Photo: Poprotskiy Alexey/Shutterstock

  • 10

    Passport Copies

    You won't get far without your passport, but it's a good idea to have backups in case it is misplaced or stolen. We recommend making two copies of your passport and giving a copy to your travel companion. Carry the other copy with you in a money belt, and also take a photo of your passport's info page with the phone or camera you're bringing with you.

    Photo: Wollertz/Shutterstock

Find a Cruise

Popular on Cruise Critic

Onboard Credit: How to Get It, Where to Spend It
Free. Money. Are there two more beautiful words in the English language? While money doesn't grow on trees, increasingly it can be found somewhere else -- on the high seas. Call it an incentive, call it a bonus; whatever you want to call it, onboard credit lets you spend more freely with less guilt. You've paid your cruise fare, and now you can splurge on those enticing extras -- Swedish massage, specialty restaurant, an excursion to swim with the dolphins -- without busting your budget. Not many need convincing as to why onboard credit -- money automatically deposited into your onboard account-- rocks, but finding out exactly how to get it and where you can spend it is a bit trickier. We found eight ways to hit the OBC jackpot (some more preferable than others) and offer even more suggestions on how to burn through it, although you probably have your own ideas already.
6 Cruise Ship Cabins to Avoid
You might expect loud noises, close quarters and crazy maneuvers in the dance club onboard your cruise ship -- but not in your cabin. Even if you don't plan to spend much time there, it should be a restful and private place so you can maintain that much-needed vacation stamina. To help you do so, we've compiled a list of cabins you'll want to avoid booking if closet-like dimensions or scraping chair sounds overhead aren't appealing to you. Heed our advice, and you might be feeling a bit less claustrophobic and a tad more refreshed come disembarkation.
How To Choose a Cruise Ship Cabin: What You Need to Know
Your room on a cruise ship is called a cabin (or stateroom) and is akin to a hotel room, but typically much smaller. Choosing a cruise ship cabin can be fun and challenging at the same time, and not just a little bit frustrating on occasion. Cabins fall into different types or "categories," and some cruise lines will present as many as 20 or more categories per ship. Before you get overwhelmed, it's helpful to remember that there are essentially only four types of cabins on any cruise vessel: Inside: the smallest-sized room, with no window to the outside Outside: a room with a window or porthole (a round window) with a view to the outside, often similarly sized to an inside cabin or a bit larger; also known as oceanview Balcony: a room featuring a verandah that allows you to step outside without going up to a public deck Suite: a larger cabin, often with separate living and sleeping areas, and a wide variety of extra amenities and perks It's the permutations (size, view, location, amenities and price, for example) of the four basic cabin types that can make choosing difficult. In addition to knowing your cabin options, you need to know yourself: Do you tend to get seasick? Do you prefer to nest peaceably on your balcony rather than hanging with the crowd around the pool area? Conversely, is your idea of a stateroom simply a place to flop into bed at 1 a.m. -- no fancy notions necessary? Are there certain amenities you are willing to splurge on, or can you simply not justify paying for unnecessary perks? The answers will help guide you toward selecting the best stateroom for your money. If you're feeling overwhelmed by choice, we'll help you get started with this guide to choosing the best cruise cabins for you and your travel party.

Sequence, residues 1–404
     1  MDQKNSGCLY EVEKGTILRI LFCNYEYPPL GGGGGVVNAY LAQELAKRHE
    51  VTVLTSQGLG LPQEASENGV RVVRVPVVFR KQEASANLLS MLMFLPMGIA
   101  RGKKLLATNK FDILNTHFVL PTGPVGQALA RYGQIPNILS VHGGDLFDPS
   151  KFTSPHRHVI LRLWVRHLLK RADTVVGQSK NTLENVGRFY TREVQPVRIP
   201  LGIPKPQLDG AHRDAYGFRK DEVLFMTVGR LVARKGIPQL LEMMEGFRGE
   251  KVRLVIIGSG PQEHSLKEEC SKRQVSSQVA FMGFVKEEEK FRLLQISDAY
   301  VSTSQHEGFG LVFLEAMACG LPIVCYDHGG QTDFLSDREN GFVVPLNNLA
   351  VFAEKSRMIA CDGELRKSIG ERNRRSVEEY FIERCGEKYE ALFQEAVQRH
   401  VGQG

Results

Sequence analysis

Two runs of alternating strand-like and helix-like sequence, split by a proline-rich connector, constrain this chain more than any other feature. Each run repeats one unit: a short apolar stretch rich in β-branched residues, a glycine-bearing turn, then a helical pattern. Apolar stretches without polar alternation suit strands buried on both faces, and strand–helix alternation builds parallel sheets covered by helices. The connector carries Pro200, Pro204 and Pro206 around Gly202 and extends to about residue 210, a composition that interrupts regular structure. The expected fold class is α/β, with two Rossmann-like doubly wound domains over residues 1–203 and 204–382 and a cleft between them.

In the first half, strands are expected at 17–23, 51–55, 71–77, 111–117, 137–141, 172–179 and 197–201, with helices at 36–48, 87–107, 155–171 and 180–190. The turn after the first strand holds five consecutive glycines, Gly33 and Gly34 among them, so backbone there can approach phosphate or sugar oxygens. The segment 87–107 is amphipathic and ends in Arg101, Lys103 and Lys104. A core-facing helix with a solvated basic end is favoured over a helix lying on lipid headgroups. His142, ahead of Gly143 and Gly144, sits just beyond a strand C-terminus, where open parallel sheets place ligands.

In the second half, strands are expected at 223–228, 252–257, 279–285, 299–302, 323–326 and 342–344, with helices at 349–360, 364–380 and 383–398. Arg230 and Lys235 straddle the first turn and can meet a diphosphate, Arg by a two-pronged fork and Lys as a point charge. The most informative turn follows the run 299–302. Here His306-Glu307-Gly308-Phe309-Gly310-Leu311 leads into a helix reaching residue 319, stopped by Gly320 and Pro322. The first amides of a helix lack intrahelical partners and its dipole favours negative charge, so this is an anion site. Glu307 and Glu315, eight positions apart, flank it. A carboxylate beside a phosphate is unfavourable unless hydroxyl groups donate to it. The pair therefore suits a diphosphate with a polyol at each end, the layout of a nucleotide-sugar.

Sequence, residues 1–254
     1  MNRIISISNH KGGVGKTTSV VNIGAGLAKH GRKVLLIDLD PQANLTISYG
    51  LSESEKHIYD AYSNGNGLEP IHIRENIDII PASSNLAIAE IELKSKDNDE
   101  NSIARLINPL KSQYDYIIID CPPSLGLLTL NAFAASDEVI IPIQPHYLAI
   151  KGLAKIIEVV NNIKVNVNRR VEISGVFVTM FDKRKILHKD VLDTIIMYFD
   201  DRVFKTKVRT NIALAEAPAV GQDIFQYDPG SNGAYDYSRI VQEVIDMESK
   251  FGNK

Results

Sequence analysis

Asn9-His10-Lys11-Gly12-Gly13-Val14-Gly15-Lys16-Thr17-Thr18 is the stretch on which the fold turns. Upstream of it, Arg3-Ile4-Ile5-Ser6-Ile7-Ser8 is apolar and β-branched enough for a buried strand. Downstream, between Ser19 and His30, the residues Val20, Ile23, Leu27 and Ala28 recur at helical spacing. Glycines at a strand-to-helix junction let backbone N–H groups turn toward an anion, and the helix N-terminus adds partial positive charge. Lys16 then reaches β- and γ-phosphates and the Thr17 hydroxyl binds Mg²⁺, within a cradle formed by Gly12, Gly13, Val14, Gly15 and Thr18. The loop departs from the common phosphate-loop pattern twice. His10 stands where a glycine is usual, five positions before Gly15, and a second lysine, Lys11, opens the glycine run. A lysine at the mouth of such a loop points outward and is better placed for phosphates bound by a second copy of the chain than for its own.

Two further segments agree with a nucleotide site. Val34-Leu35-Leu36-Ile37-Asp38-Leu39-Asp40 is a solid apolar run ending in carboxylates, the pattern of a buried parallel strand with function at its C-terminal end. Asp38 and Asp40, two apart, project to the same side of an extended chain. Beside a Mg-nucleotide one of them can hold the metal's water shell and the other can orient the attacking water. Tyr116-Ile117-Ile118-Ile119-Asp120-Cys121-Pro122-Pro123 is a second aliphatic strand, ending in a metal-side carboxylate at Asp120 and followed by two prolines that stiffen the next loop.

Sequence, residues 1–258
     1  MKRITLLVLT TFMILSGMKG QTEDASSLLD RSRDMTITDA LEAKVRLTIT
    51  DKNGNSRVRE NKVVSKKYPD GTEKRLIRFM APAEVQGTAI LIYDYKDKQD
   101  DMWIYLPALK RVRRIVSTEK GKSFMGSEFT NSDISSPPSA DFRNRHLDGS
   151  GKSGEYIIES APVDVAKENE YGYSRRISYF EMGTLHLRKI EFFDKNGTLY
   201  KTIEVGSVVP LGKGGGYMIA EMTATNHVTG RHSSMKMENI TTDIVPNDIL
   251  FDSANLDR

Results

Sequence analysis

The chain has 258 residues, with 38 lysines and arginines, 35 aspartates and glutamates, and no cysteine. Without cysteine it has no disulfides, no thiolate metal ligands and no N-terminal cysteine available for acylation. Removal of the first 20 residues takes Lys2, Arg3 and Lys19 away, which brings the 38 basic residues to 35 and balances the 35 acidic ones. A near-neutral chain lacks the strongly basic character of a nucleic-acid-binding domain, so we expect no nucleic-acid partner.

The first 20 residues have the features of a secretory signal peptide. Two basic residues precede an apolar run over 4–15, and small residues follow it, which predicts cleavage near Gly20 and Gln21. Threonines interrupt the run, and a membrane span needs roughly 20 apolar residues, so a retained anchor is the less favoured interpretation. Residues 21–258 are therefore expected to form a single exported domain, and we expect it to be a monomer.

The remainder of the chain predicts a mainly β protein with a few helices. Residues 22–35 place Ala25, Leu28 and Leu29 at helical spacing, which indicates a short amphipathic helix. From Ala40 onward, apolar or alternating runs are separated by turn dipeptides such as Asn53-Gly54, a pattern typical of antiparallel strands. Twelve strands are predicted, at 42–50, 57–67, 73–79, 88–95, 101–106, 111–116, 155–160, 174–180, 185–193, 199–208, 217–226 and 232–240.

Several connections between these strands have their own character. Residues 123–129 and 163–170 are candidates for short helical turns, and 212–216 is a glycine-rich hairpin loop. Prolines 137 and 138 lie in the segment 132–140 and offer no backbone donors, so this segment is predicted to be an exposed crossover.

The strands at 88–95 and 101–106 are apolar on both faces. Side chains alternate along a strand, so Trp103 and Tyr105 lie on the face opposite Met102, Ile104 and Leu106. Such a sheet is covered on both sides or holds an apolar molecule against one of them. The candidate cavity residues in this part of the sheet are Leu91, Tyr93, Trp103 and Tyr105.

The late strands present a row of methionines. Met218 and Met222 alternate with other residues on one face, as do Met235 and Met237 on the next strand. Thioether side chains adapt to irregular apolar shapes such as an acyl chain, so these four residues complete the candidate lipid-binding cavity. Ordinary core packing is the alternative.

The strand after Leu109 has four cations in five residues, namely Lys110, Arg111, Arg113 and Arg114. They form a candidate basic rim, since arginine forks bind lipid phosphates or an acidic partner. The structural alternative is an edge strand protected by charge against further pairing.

8 Best Luxury Cruise Ships
The moment you step aboard a luxury cruise ship, a hostess is at your arm proffering a glass of bubbly while a capable room steward offers to heft your carry-on as he escorts you to what will be your home-away-from-home for the next few days. You stow your things (likely in a walk-in closet) and then emerge from your suite to get the lay of the ship. As you walk the decks, friendly crew members greet you ... by name. How can that be? You just set foot onboard! First-class, personalized service is just one of the hallmarks of luxury cruise lines. You can also expect exotic itineraries, varying degrees of inclusivity in pricing, fine wines and gourmet cuisine as well as universally high crew-to-passenger ratios. That being the case, you might think any old luxury cruise ship will do, but that's not quite true. Like people, cruise ships have their own unique personalities -- and some will be more suited to your vacation style than others. Lines like SeaDream might not offer the most spacious suites, but their intimate yachts can stealthily visit ports that large ships can't manage. Regent Seven Seas and Oceania Cruises are owned by the same parent company but Regent offers a completely inclusive vacation experience, while Oceania draws travelers with a more independent streak. Take a look at Cruise Critic's list of best luxury cruise lines and ships to see which one resonates with you.